You may have noticed a bit more wedding music than you normally hear on WFMT. That’s because we’re celebrating the nuptials of American actress Meghan Markle and Prince Henry (aka Harry) of Wales, younger son of Charles and Diana, Prince and Princess of Wales, and sixth in the line of succession to the British throne, taking place May 19th. On the next “Friday Afternoon at the Movies,” we’ll toast the happy couple with music from films about royal weddings. Here are some noteworthy scores from some notable films about weddings of note.
“The royal banner, and all quality, pride, pomp, and circumstance” might have been Shakespeare’s description of planning a royal wedding. It wasn’t. It was actually Othello on “glorious war”, but—despite Shakespeare’s great contemporary Cervantes having written that “love and war are the same thing”—that is probably as far as we should turn this particular stone.
Royal or same-sex, domestic partnership, religious or civil – what is it about weddings? Surely only a cynic is unmoved by the public proclamation “until death us do part.” When it comes specifically to weddings of royals, while some might feel a twinge of envy, it will be mixed with a comforting dose of pity. Yes, the young marrieds have wealth, privilege, and title . . . but living as they do in a gilded cage inside a fishbowl, we imagine them longing for a less frenetic life as they wonder “What do the simple folk do?”
This is not the first time an American actress has married into a royal house. It was in April of 1956 that Grace Kelly wed Monaco’s Prince Rainier in what was dubbed “The Wedding of the Century.” On the very day of the civil ceremony, MGM released The Swan, a romantic fairy tale of a film about a prince in search of a wife. Bronisław Kaper, the film’s Polish-born composer, captured the “once upon a time” quality of Ferenc Molnár’s story, adapted for the screen twice before. Brimming with waltzes and marches – including the Rákóczi March, conducted by Miklós Rózsa, another giant of a film composer – the music makes us nostalgic for an imagined bygone era.
In The Swan, Princess Alexandra, played by Grace Kelly, finds that she has become enamored not with her intended royal (Alec Guinness), but with his tutor, a commoner (Louis Jourdan). It’s a situation not too different than that of Ann, the runaway princess in William Wyler’s Roman Holiday. The tarantella-tinged score by Georges Auric – who also wrote music for Beauty and the Beast, The Lavender Hill Mob, Raffifi, and others – and Victor Young (uncredited) serves two purposes: first, as a backdrop for the delirium of the Princess Ann (Audrey Hepburn in her first starring role) slumming it in the Eternal City. Second, as the film follows the tentative and ultimately futile courtship of the Princess by an American newswire reporter (Gregory Peck), the tarantella also fills its original purpose of a stately courtly couples dance.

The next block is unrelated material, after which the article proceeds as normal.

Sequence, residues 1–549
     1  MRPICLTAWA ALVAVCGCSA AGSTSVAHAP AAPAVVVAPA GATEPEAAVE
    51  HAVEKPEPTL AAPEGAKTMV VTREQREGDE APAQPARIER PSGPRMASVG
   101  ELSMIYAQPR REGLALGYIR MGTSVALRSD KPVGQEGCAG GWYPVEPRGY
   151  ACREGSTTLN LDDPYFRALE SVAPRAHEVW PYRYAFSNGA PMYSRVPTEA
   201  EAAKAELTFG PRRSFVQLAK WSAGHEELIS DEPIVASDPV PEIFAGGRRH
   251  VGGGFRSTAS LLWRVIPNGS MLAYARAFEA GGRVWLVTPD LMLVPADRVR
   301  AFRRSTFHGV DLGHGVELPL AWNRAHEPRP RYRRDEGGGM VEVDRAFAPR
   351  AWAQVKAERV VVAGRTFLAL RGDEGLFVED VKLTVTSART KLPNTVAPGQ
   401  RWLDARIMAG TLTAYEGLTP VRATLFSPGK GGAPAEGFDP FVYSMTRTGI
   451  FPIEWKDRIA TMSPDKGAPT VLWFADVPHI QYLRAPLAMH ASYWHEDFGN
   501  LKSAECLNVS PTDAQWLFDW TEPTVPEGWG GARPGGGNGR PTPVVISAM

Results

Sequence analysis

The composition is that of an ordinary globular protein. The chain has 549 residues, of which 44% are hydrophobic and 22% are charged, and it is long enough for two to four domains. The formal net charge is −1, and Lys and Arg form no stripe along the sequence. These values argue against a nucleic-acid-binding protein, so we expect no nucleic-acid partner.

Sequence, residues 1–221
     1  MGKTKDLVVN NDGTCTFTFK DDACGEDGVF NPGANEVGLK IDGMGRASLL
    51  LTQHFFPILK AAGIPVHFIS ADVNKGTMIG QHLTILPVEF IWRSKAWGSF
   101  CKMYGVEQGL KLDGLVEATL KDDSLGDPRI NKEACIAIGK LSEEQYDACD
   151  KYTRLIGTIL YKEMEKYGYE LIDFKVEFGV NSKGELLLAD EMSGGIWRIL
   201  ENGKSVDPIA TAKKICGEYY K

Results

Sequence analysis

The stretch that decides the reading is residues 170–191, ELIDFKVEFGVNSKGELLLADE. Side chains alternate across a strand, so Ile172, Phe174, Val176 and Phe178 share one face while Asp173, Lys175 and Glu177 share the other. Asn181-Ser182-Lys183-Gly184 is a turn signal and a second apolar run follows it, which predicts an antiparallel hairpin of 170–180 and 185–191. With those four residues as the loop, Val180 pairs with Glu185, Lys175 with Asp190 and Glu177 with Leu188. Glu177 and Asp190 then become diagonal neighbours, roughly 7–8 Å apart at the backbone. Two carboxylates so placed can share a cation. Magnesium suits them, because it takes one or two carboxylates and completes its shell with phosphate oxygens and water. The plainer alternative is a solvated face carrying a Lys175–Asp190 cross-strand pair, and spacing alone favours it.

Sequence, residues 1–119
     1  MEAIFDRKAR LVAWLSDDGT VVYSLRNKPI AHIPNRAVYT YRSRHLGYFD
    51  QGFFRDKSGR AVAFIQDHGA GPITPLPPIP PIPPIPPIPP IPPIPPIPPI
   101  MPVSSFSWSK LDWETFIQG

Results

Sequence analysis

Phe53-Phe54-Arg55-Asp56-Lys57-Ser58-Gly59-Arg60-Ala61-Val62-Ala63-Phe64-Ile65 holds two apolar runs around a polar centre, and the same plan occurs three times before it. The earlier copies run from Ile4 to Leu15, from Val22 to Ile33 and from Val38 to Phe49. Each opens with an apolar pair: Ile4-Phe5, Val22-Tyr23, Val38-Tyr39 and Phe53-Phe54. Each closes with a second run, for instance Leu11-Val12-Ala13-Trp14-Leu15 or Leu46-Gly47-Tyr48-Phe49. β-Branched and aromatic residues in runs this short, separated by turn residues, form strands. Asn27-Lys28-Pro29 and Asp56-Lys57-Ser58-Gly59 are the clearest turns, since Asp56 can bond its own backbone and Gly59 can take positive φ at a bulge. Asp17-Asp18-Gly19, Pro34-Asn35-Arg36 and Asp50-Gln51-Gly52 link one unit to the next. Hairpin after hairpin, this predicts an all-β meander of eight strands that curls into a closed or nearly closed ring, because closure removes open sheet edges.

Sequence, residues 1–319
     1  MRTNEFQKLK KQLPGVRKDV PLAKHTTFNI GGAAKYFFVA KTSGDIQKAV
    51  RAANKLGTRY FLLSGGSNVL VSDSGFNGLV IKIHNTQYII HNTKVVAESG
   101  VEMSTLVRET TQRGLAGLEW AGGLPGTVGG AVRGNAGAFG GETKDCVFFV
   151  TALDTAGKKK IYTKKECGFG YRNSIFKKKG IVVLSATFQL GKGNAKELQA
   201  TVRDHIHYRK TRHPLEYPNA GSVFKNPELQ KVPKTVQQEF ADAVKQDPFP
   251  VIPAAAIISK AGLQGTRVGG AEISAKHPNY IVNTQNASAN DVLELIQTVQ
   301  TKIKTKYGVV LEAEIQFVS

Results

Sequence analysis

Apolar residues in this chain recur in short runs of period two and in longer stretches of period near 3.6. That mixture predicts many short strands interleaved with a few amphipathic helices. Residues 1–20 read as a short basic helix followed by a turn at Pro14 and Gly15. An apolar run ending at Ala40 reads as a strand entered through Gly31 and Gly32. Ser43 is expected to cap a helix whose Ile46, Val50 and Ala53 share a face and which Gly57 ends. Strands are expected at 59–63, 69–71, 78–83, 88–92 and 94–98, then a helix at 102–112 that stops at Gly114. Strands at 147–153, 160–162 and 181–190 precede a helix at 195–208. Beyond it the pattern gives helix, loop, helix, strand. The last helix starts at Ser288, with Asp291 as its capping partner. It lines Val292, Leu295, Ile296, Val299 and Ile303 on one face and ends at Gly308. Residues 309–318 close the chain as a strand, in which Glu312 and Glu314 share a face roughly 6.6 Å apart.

On November 20, 1947, Princess Elizabeth married Philip, Duke of Edinburgh at London’s Westminster Abbey. Hymns by Samuel Wesley and Sir Edward Cuthbert Bairstow were part of the celebration. Composer Arnold Bax was asked to write a special fanfare, and Mendelssohn’s “Wedding March” from A Midsummer Night’s Dream concluded the service. You may be familiar with Erich Wolfgang Korngold’s adaptation of the “Wedding March” in his music for Max Reinhardt’s screen adaptation of Shakespeare’s A Midsummer Night’s Dream, but there’s an even closer connection: the Fred Astaire-Jane Powell musical of 1951 titled Royal Wedding.
Though known for Nick Castle’s choreography – “You’re All the World to Me” features Fred Astaire dancing on the ceiling, literally head over heels in love – the music by Burton Lane with additional underscoring and orchestrations by Johnny Green perfectly captures the excitement of discovering a new city and a new love. The story of brother and sister act Tom and Ellen Bowen (Fred Astaire and Jane Powell) resembles that of Astaire and his own sister Adele, who retired from the stage when she married Lord Charles Cavendish. In the film Royal Wedding, Ellen Bowen falls and falls hard for Lord John Brindale (Peter Lawford.) And there’s royalty in the film too, though political royalty. Winston Churchill’s daughter Sarah, an actress and dancer, is Astaire’s love interest in the film.
And what music will accompany the nuptials of Prince Harry and Meghan Markle? We won’t know all the details until the actual event, but a few artists and performing groups have been announced. The couple will be married in St. George’s Chapel, and the men's and boys' Choir of St. George’s Chapel at Windsor Castle, founded in 1348, will be featured. Also performing will be 19-year-old cellist Sheku Kanneh-Mason, the first black musician to win the BBC Young Musician of the Year award since its founding in 1978. Christopher Warren-Green, who was music director for the 2011 wedding of Prince William and Kate Middleton, will lead members of the BBC National Orchestra of Wales, the English Chamber Orchestra, and the Philharmonia Orchestra.
So, set the alarm for 3 in the morning, put the kettle on for a nice cup o’ tea, pop some crumpets in the toaster, and join an estimated 36 million who will watch the wedding of Prince Harry and Meghan Markle on TV. And enjoy the quality, pride, pomp, and circumstance that the wedding of Prince Harry and Meghan Markle offers.
NB: We’re especially excited to have learned that Thomas Markle, father of the bride, was for many years a lighting director at WTTW Channel 11, WFMT’s sister station.